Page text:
Sugar can be sneaky. We all know the obvious foods and beverages we can find sugar in: muffins, scones, candy, cookies, soda, sports drinks, etc. And then there are the less obvious places where sugar can hide. Because so many foods and drinks have added sugars, we are likely consuming more sugar than our bodies need, which can lead to extra pounds and potentially, health issues.
Perhaps you had granola for breakfast, a grilled shrimp salad with ranch dressing for lunch, brown rice pasta with tomato sauce for dinner, and some frozen yogurt for dessert. Sounds pretty healthy, doesn't it? Until you zoom in on the ingredients on the label and realize that you have potentially consumed about 50 grams of added sugar. The American Heart Association recommends no more than 36 grams/9 teaspoons of daily sugar intake for men and 25 grams/6 teaspoons for women. You can see even with the meals mentioned above, you have exceeded your daily intake. Why is this a problem? Added sugars have zero nutrients and many have added calories that can lead to extra weight.
Should you avoid sugar? Nope, not unless a medical professional has advised you to for medical reasons. Our bodies need sugar. The right sugar, that is. And of course in moderation. There are two types of sugars: naturally occurring and added sugars. Naturally occurring sugars can be found in things like fruit (fructose) and milk (lactose). Added sugars can include any sweeteners or sugars added to foods or beverages during preparation or processing. Added sugars also include natural sugars like white sugar, brown sugar, and honey. It's recommended that we eat foods with naturally occurring sugar like fruits and vegetables, and limit the consumption of foods with added sugars, like ice cream, yogurt, cereal, soda, etc.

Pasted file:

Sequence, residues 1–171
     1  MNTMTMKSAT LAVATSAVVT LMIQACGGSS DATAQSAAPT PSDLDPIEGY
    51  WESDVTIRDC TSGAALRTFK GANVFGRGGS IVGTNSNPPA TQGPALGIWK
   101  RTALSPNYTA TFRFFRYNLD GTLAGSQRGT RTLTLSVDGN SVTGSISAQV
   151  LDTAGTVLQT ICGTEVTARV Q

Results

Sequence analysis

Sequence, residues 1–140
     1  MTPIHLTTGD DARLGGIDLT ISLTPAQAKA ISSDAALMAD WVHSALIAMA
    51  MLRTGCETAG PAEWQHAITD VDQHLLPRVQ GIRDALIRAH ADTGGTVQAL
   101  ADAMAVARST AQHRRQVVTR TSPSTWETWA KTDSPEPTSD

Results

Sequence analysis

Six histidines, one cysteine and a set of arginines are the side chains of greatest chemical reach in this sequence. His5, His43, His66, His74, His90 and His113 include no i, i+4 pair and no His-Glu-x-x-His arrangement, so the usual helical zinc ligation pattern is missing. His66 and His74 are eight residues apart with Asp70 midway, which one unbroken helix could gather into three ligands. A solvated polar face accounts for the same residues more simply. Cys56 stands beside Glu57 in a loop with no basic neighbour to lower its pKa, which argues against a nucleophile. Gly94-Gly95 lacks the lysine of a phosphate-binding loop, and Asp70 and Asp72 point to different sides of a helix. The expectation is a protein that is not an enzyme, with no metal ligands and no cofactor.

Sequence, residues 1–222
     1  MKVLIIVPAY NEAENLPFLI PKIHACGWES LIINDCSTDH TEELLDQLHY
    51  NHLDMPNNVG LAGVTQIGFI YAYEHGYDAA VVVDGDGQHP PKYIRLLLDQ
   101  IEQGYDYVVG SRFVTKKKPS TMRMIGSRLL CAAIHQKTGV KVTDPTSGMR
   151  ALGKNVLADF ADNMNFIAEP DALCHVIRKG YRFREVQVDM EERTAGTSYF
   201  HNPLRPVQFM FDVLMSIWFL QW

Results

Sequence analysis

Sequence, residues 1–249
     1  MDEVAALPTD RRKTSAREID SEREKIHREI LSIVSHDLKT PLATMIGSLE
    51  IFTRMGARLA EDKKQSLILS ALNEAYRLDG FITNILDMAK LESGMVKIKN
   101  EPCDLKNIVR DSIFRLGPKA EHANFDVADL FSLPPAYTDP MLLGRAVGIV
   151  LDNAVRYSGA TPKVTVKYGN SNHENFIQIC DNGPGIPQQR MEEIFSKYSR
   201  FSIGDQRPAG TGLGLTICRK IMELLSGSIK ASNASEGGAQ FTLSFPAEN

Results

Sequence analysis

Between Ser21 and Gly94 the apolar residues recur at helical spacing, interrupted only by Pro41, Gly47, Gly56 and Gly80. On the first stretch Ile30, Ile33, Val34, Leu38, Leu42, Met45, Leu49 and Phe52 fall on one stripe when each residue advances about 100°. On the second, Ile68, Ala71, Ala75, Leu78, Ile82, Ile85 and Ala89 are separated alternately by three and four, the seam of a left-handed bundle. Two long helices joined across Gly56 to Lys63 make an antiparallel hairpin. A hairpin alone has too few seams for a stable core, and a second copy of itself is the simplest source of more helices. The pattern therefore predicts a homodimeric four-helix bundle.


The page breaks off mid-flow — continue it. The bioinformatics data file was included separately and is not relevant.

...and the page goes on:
When looking at labels for added sugars, if you see ingredients like the ones below (this is a partial list), then I would recommend looking for an alternative product with less or no added sugars, or make the food yourself.
What are some common foods with added sugars? Here's a partial list:
canned or boxed soups
nuts or seeded butters
While most of the sugar I consume comes from fruit, vegetables, and grains, there are a few foods I eat that contain added sugars, and I keep those to a minimum. When at the grocery store, If sugar is in the first few ingredients on a label, I will move on from that product, and try to find a product with less added sugars or if possible make the food myself. I recently stopped buying granola to make my own and have refined that recipe to reduce the amount of sugar even further. I've also modified other recipes that once called for a fair amount of sugar and either use less then what's called for or alternatively a small amount of honey.
Next time you're at the grocery store, take a look at some labels and scan the ingredients list. I'm certain you will notice that many foods and drinks have added sugars like the ones mentioned above. Those added sugars can quickly add up and push you right over the recommended daily allowance for sugar.
This is a (very) surface look at sugar. There are many layers to sugar and understanding these little molecules. If you want to know more, ask me questions!
Check out this week's move of the week video: Reverse Bicycle with Weighted Ball